September 9, 1999
Judgment of Herbert Bierhoff
A terrible delimma haunts first-time playwright, Dr. Sigi Ziering
"Of all the many memories of friends and family that I [have] carried with me for over 50 years, the fate of the Bierhoff family... [has] caused me the most sleepless nights," Ziering says, through a character in his new play, "The Judgment of Herbert Bierhoff." The play, the first ever written by the 71-year-old businessman and philanthropist, will be performed in a staged reading at the University of Judaism Sept. 15 and 16, and star Jon Voight and Cloris Leachman.
"Bierhoff," Ziering says, was inspired by a man he knew in the last days of the Jewish ghetto in Riga, Latvia, in the fall of 1943. Herbert Bierhoff was a Jew and a ghetto policeman; his 5-year-old daughter, Ellen, was one of the few children who had survived the repeated "selections," in part because of her father's privileged position.
As a ghetto policeman, Bierhoff knew of the shooting of 29,000 Latvian Jews in the Rumbuli forest in 1941; he knew of the daily hangings and beatings, and he knew about the impending liquidation of the ghetto in the fall of 1943.
Thus, Bierhoff took startling action. Just before the liquidation, he poisoned his young daughter -- a mercy killing to save the child from an infinitely more brutal death at the hands of the SS.
"Soon afterwards, Herbert Bierhoff was shot by the ghetto Kommandant, and his wife died in the concentration camp, Stutthof," says Ziering, who survived the war along with his mother and brother.
But Bierhoff's deed haunted Ziering, and the obsession intensified over the years, with the birth of the survivor's own children and grandchildren. In Ziering's dreams, the faces of his children and grandchildren transform into the face of Ellen Bierhoff.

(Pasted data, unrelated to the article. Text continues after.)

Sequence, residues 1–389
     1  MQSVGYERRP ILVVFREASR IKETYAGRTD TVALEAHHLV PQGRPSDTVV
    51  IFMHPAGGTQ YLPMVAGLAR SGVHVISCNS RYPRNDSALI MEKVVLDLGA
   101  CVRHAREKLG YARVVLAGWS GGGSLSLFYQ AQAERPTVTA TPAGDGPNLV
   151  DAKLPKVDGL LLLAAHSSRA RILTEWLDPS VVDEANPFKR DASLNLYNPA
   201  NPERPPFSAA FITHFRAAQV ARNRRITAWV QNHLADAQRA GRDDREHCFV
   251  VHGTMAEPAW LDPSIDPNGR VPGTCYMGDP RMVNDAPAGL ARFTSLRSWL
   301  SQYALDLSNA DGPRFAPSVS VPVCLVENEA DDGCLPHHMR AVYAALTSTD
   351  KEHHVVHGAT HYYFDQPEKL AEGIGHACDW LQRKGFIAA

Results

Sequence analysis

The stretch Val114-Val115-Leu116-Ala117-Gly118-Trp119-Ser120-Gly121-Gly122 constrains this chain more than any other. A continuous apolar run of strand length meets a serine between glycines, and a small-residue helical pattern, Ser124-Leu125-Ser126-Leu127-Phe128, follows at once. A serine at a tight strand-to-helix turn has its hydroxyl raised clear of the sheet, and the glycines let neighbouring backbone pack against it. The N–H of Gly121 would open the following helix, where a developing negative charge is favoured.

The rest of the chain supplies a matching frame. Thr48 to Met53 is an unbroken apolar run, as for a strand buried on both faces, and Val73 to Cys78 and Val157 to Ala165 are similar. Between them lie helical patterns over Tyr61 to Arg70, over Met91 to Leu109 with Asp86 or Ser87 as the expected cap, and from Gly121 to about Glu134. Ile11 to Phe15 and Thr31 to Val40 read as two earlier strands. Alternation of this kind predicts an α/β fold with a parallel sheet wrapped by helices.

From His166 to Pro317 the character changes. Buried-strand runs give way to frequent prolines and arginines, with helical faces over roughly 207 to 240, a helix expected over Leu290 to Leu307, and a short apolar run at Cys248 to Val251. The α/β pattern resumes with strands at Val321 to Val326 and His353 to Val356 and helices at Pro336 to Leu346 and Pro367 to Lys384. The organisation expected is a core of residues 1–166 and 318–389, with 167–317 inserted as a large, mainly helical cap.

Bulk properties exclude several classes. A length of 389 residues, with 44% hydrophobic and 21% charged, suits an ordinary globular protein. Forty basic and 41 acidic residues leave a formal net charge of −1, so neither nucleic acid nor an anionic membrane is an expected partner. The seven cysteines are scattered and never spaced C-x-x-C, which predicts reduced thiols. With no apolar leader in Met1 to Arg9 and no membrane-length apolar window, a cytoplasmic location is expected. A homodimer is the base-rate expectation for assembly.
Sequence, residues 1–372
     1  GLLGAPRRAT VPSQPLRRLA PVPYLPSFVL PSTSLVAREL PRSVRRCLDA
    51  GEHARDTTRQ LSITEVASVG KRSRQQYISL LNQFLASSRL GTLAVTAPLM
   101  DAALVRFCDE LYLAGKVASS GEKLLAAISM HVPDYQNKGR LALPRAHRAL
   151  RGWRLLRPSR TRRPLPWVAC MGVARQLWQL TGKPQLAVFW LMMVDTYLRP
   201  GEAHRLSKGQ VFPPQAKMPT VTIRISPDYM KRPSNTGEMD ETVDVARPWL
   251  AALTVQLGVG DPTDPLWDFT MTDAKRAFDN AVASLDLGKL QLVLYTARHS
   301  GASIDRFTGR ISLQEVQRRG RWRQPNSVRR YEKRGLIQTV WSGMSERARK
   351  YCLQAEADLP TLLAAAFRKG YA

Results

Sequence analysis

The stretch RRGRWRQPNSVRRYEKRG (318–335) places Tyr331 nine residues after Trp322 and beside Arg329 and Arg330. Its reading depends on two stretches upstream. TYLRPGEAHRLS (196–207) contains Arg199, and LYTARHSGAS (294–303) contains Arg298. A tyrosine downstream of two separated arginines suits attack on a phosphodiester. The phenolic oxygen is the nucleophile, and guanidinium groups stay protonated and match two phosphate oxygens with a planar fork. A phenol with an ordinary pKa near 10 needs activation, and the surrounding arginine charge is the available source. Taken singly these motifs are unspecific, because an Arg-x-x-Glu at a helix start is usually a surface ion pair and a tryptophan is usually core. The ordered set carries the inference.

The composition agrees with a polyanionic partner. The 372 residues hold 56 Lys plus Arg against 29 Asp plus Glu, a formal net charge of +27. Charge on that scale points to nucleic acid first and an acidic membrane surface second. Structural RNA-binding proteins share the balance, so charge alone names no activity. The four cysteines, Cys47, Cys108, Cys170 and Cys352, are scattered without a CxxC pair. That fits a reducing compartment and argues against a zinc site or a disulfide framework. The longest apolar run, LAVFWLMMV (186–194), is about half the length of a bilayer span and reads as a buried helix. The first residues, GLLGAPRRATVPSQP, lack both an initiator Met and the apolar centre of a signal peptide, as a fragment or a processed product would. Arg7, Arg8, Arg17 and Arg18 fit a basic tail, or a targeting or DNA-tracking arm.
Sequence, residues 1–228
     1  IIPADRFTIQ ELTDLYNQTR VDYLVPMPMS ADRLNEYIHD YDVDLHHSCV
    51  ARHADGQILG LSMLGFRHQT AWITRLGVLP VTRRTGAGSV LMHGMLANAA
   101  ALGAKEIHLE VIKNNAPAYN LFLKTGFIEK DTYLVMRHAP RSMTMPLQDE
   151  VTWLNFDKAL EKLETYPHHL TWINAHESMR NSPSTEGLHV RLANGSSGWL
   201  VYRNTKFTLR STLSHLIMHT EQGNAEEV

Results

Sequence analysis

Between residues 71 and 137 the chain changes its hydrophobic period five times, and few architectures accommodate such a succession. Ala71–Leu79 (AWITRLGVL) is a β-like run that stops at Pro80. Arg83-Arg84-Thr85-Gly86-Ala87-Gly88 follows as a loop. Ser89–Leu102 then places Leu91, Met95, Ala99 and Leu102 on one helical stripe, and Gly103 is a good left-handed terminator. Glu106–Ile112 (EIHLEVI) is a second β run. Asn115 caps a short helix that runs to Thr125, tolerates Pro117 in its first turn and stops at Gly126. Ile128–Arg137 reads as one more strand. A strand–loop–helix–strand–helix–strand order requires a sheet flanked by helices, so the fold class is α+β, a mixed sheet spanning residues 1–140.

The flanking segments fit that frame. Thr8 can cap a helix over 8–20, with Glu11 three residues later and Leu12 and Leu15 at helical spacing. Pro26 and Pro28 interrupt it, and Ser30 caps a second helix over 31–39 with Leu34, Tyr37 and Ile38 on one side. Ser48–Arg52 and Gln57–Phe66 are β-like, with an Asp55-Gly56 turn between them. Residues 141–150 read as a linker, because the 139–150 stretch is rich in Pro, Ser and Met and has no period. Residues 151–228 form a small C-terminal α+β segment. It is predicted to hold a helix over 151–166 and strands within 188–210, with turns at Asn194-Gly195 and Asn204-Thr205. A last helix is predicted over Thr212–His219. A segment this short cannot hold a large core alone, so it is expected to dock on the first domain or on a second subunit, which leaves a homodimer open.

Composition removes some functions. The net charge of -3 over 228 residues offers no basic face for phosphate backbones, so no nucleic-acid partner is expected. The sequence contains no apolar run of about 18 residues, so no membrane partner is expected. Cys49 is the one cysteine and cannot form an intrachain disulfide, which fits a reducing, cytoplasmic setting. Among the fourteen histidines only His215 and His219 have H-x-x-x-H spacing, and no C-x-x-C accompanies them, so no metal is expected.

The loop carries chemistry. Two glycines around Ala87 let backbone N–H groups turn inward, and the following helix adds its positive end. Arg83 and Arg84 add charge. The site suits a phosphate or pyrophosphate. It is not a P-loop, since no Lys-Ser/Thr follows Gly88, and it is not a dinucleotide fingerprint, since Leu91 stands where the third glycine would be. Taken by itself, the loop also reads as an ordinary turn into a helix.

In his semi-autobiographical play, Ziering recounts many of his own remarkable experiences from World War II.
In December 1941, 13-year-old Ziering and 1,000 other Jews from Kassel, Germany, marched under police escort from the Schillerstrasse Gymnasium to the main railway station in town. They were deported to the Riga ghetto, where Ziering lived until he was transported to Kaiserwald and, eventually, to the Kiel-Hasse concentration camp after a forced death march. At Kiel-Hasse, the teenager was saved by a virtual miracle in the spring of 1945.
One day in late April, an SS officer took him to the camp's morgue. He forced Ziering to remove civilian clothing from corpses and informed him that he would be departing with the Swedish Red Cross the next morning. "We hardly slept that night," Ziering recalls, "because we expected the worst." But the following day, white trucks with the Swedish Red Cross flag arrived at the camp, where "the SS was frighteningly civil and even made a farewell speech...as if we were leaving a vacation resort," Ziering recalls in the play.
Later, the survivor learned that Count Bernadotte of Sweden had negotiated with Himmler to exchange a few thousand Jews for a few million dollars.
Ziering immigrated to the U.S. in 1949; he married Marilyn, an American-born Jew, in 1953, and four years later, he earned his doctorate in physics from Syracuse University. The survivor worked in the aerospace industry before he and Marilyn moved to L.A. and founded their international medical supplies company, Diagnostic Products Corp., in 1971. Ziering, a past president of Temple Beth Am, now serves on the board of the University of Judaism and is co-chair of the L.A. section of the U.S. Holocaust Memorial Museum in Washington, D.C.
Over the years, however, he never forgot the terrible dilemma of Herbert Bierhoff. "I thought about it for 50 years, and then I decided I must put it in writing," the survivor says of his play, which seeks to answer Ziering's owns questions about whether Bierhoff's actions could be forgiven by God. Writing the play has provided some closure, he says. "But I still dream about it," he admits.
For tickets, which are $10, call Mindy Cohn at (310) 440-1209.